The war between the wireless industry and local jurisdictions took another turn today as the California Supreme Court upheld a lower courts’ rulings in favor of San Francisco’s wireless ordinance in a unanimous decision.
The original lawsuit, T-Mobile West, Crown Castle and ExteNet Systems (California) v. City and County of San Francisco, was filed after the San Francisco Board of Supervisors adopted an ordinance in 2011 that required a wireless facility site permit from the City’s Department of Public Works.
The wireless industry lost in the San Francisco County Superior Court and then again in the Court of Appeal of the State of California, First Appellate District, Div. 5.
In 2011, the City and County of San Francisco passed an ordinance requiring that a site-specific permit be obtained before seeking to construct, install or maintain telecommunications equipment in the public right-of- way. At issue was an ordinance that established various standards of aesthetic compatibility for wireless equipment and whether it was preempted by a Public Utilities Code. Another question was whether ordinance singled out wireless equipment and was therefore discriminatory.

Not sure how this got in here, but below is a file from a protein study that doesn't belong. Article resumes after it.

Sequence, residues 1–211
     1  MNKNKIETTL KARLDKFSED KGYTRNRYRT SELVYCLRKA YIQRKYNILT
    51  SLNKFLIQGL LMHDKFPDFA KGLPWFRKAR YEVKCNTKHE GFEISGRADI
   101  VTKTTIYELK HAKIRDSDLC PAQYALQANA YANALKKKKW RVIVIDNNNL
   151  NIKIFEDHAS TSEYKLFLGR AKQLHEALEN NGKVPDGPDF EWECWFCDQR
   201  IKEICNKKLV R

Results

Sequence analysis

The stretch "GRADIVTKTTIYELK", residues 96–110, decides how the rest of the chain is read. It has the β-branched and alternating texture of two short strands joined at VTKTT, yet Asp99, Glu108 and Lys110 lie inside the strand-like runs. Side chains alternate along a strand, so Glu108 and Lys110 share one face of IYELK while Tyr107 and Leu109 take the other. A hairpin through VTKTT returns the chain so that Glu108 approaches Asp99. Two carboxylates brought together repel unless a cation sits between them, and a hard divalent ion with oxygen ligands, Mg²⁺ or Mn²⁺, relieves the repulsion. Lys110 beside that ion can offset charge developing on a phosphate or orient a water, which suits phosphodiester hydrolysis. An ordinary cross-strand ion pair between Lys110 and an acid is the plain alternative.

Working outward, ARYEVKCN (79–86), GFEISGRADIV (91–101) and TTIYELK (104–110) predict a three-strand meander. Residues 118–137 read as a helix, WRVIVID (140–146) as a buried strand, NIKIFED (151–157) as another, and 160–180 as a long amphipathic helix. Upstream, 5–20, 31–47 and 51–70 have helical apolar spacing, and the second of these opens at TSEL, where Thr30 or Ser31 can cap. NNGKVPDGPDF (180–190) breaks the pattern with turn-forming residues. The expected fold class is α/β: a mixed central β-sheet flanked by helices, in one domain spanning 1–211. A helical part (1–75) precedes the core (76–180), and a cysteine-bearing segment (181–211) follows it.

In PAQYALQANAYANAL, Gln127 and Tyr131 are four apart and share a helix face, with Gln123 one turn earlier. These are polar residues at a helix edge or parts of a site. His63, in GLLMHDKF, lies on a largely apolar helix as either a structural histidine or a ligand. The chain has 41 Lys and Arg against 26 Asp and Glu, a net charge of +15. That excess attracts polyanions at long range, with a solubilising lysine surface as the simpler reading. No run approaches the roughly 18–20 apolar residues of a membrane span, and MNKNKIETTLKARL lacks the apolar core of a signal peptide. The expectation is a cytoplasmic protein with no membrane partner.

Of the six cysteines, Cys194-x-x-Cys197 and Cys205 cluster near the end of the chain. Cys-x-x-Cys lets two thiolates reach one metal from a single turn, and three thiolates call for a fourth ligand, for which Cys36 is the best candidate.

California is one of the states without a law streamlining small cell deployment. The court case may have ramifications at the statehouse in California as legislators attempt to pass a law streamlining small cell deployment.
“This will definitely have an impact the state legislation on small cell deployment expected to be introduced this term,” said Jonathan Kramer, principal, Telecom Law Firm, and expert witness for the cities. “It will be difficult for the legislature to walk back this decision, which is based on decades of historical precedent for the right of way use by telecoms in California.”